1. One of the burbs I lived in when I lived in the Chicago metro area was the City of Des Plaines; adjacent to O’Hare Airport. There is essentially a creek called the Des Plaines River that runs 133 miles from Wisconsin to Joliet… and it goes through town. It’s no way a “real” river.. as I said.. more like a creek that meanders through an urban area you could literally jump across with a good running start. In some spots forest preserves and nature centers were created over the years along the hugely wooded shoreline. Located within the boundaries of one of these smaller picnic preserves is the remains of a couple wood frame buildings that were temporary barracks that were part of the WW2 POW sub-camp system. Most folks are unaware that the POW camps often had sub-camps, often many miles away via train. that served as bases for POW labor being used for the public good or for the use of businesses (that paid a fee to the government). Largely it was agriculture related labor.
    In Des Plaines there is a popular florist/garden center called Pesches.. a family owned operation. Back when the area was still undeveloped I think they owned many acres and many greenhouses. Now their outlet location is the size of a large Walmart located adjacent to a railroad track spur. As the story goes, during WW2 German POW’s would be transported by train to the location for the purposes of tending to greenhouse plants, flowers, and other needs. Much of the local help was off fighting in the war.. so manpower was provided by what was available… but not free to businesses. After the war.. during the 1960’s, a few POW’s came back to the garden center (much smaller by that time) in some form of reunion.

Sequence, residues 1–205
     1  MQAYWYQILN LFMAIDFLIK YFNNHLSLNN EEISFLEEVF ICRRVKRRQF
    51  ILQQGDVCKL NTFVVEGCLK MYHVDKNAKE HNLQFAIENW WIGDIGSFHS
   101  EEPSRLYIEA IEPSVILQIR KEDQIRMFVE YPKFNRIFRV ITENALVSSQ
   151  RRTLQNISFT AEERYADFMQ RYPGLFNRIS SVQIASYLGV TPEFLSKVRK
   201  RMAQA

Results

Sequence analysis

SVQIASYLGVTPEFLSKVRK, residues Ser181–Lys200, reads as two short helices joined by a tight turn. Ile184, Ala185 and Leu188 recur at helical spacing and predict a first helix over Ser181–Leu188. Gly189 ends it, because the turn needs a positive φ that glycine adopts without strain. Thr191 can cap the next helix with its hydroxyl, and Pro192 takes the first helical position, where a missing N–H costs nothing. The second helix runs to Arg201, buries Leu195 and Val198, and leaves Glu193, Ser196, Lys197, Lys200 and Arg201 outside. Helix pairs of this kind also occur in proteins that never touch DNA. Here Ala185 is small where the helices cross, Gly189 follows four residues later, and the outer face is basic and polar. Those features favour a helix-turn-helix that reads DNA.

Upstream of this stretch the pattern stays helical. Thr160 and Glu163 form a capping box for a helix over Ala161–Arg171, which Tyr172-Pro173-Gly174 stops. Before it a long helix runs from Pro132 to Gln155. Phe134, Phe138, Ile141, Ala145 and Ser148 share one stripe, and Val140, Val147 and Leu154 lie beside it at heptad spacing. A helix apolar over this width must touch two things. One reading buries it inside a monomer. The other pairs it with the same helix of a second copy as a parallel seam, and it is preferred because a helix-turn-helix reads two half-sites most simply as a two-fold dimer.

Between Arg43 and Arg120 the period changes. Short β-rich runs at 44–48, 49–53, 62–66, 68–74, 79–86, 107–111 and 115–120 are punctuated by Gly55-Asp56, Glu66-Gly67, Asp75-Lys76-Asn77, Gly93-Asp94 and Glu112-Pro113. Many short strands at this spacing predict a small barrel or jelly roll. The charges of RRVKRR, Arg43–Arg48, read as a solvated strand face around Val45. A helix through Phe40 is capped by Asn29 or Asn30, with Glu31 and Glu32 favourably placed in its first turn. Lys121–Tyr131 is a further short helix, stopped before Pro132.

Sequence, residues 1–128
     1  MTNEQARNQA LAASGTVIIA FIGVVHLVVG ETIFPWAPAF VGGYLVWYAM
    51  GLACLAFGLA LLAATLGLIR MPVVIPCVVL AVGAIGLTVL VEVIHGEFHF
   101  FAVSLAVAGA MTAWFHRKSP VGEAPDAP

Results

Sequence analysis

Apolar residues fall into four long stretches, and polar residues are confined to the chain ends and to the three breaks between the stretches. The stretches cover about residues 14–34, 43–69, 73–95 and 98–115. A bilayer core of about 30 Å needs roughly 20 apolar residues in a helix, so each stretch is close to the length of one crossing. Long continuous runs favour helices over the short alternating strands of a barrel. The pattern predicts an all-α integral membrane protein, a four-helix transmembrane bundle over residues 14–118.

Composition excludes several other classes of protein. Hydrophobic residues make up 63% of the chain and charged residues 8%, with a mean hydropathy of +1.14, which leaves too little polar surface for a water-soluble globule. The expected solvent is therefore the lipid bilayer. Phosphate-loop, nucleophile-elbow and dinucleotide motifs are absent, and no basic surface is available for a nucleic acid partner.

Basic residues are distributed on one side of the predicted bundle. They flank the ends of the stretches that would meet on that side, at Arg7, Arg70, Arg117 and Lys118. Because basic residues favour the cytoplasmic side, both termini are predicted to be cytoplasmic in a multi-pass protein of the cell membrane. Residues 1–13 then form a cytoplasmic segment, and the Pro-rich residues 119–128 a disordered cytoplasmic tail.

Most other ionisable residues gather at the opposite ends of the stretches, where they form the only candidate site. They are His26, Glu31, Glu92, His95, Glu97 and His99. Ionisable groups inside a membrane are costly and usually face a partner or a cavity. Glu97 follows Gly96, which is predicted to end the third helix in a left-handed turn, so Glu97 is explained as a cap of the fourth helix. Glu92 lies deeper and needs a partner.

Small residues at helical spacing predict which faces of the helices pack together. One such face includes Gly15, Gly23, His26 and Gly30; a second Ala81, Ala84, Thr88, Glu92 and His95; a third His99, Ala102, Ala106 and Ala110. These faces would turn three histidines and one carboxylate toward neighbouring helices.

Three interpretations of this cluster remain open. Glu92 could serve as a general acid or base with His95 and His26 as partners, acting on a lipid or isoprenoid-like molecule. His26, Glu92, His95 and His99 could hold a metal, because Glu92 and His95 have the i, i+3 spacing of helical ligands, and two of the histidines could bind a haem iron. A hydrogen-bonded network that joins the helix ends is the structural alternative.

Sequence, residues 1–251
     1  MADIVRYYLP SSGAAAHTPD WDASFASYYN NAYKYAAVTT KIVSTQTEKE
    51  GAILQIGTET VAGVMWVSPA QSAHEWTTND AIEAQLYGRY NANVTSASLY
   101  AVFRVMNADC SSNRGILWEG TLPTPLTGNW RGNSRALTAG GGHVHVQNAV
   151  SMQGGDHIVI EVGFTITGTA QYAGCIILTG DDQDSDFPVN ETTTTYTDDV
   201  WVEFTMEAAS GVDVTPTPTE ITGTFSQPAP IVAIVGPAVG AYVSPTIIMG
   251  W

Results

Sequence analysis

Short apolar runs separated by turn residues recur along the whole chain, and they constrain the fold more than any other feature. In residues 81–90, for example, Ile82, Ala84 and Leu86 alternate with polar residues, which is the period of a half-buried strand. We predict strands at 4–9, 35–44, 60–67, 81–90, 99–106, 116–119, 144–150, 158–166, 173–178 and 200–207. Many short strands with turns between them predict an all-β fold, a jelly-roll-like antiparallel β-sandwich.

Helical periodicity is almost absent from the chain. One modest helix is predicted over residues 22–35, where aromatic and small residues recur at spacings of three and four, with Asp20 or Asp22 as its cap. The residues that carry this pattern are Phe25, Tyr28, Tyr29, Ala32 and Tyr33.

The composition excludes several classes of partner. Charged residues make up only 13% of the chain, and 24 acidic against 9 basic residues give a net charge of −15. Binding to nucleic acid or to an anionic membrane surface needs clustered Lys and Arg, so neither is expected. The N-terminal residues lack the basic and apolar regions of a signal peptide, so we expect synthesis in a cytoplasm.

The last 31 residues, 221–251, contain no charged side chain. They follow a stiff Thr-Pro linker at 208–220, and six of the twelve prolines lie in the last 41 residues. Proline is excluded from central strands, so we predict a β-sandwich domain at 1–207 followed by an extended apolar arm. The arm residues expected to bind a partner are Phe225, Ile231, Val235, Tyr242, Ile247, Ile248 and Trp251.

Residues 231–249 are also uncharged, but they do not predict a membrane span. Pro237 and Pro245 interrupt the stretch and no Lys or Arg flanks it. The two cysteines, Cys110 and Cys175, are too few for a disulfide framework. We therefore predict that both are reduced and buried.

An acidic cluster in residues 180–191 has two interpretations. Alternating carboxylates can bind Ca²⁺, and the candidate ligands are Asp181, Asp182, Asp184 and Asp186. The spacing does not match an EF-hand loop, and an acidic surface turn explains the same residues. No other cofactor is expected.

It’s important to note a couple POW tidbits. One is that generally speaking all the POWS across the country were fed VERY well compared to average Americans in the day having to have food products rationed. The POW’s got the pork chops and beef ribs, and the better cuts… and vegetables. Two theories at work here… feed them well and they will less likely want to escape. This worked in most cases.. as POW’s were treated far better than would be generally expected during wartime. Even at that, there were some very notable POW escapes during the war by determined soldiers.. but that was fed more out of a sense of duty rather than incentive from poor treatment.
    The second theory is that sooner or later it was felt that the good food and kind treatment would get back to Germany and they would treat our guys in their prisons with more compassion. That part did not work.

  2. It was a long way for them to escape home, let’s face it. That might explain why most behaved so well, as well as the good food.
    Best wishes, Pete.

  3. Fascinating, thanks for posting! It may interest you to know that I am currently retracing the route my Step Grandfather was taken after being captured after heavy fighting in Torbruk, Libya. He was taken to Benghazi and then taken to Brindisi, Italy. I started my trip there, went to Bari, where he was held at camp PG75 and then moved to PG70 Monturano, the camp still stands and I was even able to look around inside- I’ve written about it in my latest post… eventually he was moved north through Austria and into Germany, that’s the next leg of my trip…